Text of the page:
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on 9 June 2015
saw part of it on hotel TV , sat am 6/6/15 . Wanted to see all of it , Searched on Amazon Sunday evening ( 7/6/15 ) . Elected to pay for HD viewing.
" They don't make em like that any more " ( Thank goodness some cynics might say ) . But definitely a winner for me . Great cast alongside 2 screen giants . Great production , great every thing ! Ranks up there in the Pantheon among the likes of " Ben Hur "

Keep up the good work Amazon . Wish I could afford to retain your services.
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Unfortunately the presence of two screen legends and a strong support cast, fails to lift this film above the average. It was once cruelly but accurately described as a "Geriatrics High Noon", referring to the ages of James Stewart and Henry Fonda. It must also be pointed out that the likes of Ed Begley, Jay C Flippen and Dean Jagger in the supporting cast were even older. It has to be admitted that both stars were certainly in their twilight years ane were looking rather aged, with perhaps Fonda resisting the ravages of time slightly better.

The reference to "High Noon" is because like that film this one features a community cowed by bandits, and also like that film it has one man with the courage of his convictions to stand against them. On this occasion Stewart plays the Cooper role as Johnny Cobb the part time sheriff willing to put his life on the line. His actions also echo those of Richard Widmark who stands against Henry Fonda's gunslinging anti hero Clay Blaisdell in the that fine Western "Warlock". In this film Fonda plays Bob Larkin the leader of the outlaw band. For the first time in his long and distinguished career Fonda took the part of a baddie. His Blaisdell creation could not be classified as a baddie. In that same year he also appeared famously as evil personified in Sergio Leone's "Once Upon a Time in the West". He obviously got sick of being so good down the years and tossed the albatross from his shoulders with glee. We head to a the inevitable showdown between Stewart and the gang.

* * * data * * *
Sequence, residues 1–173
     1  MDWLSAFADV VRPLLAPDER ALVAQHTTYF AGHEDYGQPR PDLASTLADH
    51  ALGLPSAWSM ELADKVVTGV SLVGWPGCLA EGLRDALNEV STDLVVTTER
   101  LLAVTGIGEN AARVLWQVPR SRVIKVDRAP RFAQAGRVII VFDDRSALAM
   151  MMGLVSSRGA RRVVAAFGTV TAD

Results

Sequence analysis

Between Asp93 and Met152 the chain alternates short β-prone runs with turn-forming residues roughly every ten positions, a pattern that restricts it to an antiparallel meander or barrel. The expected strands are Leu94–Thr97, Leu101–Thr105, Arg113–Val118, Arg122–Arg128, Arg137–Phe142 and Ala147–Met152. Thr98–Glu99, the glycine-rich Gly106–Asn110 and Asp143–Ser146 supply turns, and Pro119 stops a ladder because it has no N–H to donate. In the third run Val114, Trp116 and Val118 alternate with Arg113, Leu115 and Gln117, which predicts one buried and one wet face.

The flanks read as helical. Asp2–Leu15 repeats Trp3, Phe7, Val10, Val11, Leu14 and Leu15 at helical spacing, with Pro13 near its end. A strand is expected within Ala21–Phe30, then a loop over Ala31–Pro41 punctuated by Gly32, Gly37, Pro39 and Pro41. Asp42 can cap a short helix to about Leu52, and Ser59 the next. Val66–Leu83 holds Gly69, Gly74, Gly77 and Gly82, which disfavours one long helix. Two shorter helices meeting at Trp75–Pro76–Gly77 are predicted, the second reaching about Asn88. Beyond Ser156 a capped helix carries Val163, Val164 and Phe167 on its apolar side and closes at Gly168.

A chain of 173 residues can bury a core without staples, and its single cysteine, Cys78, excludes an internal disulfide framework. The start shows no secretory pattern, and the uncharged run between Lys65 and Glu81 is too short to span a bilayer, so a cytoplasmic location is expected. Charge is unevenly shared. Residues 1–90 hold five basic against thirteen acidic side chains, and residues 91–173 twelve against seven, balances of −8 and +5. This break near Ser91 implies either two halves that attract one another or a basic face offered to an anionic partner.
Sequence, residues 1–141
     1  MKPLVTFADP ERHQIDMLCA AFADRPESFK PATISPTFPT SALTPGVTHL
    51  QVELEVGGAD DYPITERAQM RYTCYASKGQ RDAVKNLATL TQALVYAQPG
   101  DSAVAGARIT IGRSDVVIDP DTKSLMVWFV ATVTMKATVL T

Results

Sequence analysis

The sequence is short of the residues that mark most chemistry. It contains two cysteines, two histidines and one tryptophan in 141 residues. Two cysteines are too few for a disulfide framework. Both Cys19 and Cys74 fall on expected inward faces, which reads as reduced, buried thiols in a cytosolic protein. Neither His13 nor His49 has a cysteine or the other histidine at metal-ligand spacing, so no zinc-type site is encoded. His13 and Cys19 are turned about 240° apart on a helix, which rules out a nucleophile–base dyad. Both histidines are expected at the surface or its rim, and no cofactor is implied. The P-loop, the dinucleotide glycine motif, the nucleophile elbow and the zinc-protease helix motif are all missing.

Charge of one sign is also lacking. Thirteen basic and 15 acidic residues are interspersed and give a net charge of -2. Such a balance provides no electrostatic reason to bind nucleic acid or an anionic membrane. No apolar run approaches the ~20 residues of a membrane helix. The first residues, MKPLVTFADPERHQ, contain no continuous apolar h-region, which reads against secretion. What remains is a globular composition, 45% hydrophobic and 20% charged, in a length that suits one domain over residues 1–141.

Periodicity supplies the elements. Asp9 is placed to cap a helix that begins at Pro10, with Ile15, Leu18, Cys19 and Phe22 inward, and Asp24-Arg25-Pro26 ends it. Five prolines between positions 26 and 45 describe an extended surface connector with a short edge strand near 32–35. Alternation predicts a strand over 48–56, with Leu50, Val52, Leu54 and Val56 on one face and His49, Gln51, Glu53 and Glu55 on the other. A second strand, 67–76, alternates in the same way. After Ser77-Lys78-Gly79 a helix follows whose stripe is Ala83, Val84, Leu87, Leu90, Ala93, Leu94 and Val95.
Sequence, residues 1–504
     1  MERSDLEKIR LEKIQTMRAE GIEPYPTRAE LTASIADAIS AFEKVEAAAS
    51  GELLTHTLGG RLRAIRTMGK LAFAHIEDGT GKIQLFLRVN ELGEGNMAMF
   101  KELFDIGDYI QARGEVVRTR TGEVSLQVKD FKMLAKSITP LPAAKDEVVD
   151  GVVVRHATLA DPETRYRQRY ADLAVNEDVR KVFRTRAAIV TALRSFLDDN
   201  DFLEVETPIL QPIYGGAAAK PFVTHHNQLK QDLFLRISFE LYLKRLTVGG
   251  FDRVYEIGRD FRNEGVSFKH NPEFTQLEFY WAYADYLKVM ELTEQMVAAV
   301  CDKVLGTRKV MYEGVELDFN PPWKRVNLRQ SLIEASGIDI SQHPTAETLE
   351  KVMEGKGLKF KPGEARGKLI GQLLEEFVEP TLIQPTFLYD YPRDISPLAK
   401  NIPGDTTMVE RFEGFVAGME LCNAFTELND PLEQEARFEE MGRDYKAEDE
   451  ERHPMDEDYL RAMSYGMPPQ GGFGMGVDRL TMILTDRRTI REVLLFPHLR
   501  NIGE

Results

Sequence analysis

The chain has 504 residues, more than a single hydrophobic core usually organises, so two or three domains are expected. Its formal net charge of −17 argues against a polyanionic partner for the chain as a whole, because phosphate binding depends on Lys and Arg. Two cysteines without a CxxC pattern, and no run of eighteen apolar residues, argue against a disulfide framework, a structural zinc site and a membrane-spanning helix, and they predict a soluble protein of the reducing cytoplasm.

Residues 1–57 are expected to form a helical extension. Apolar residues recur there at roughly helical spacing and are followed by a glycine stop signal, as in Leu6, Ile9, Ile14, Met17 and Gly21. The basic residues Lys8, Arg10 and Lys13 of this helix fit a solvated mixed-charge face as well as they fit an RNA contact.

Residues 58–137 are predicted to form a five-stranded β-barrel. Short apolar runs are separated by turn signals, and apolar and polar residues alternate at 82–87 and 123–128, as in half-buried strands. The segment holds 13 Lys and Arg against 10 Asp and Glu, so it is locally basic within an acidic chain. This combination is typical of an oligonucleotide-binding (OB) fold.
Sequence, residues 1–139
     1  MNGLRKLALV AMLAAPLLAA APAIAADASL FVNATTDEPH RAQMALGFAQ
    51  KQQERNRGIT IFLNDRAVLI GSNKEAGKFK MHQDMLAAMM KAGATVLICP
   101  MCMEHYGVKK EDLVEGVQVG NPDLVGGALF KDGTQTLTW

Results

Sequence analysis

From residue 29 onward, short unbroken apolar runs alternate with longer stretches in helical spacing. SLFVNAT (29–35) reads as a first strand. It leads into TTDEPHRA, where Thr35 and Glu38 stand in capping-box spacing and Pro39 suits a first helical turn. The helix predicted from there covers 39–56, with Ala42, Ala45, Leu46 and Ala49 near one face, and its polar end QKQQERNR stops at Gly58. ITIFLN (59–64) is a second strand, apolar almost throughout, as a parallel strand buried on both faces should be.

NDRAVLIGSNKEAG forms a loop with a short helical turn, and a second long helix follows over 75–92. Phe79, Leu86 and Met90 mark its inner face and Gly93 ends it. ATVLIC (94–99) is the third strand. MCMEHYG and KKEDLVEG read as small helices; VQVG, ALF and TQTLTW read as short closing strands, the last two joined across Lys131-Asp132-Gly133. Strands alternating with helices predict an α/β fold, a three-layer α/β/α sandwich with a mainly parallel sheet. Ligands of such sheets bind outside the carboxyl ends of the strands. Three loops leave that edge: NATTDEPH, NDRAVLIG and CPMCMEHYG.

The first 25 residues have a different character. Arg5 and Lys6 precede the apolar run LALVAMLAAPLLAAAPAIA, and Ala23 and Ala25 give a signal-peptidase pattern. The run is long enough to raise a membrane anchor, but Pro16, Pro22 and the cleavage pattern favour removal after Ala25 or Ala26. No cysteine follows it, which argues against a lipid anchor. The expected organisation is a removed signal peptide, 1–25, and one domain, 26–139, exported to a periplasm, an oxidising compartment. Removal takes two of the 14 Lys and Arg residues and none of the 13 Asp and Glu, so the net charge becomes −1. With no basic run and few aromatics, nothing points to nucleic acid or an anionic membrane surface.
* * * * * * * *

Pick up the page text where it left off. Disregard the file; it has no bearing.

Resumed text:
This is a routine Western at best. The director Vincent McEveety was more well known for his work on TV. He directed small screen classics like "Columbo" and "Murder She Wrote". His Western experience consisted of working on episodes of "Gunsmoke". His films were unfortunately very forgettable affairs, much like this one. He directed several films for the Disney studios including a couple of the Herbie films. Although the script has some good ideas they are wasted in the melodramatic direction. It is worth noting that the now forgotten but much better Fonda vehicle, "Welcome to Hard Times" made the year before, dealt with the same subject more competently.

The prices asked for these few VHS on sale are very expensive, but there are obviously only a few left in circulation. If I see one in the charity shops I will snap it up, but I am not willing to pay the prices asked at the time of this review. The film is one for fans of the two stars or Western completists.
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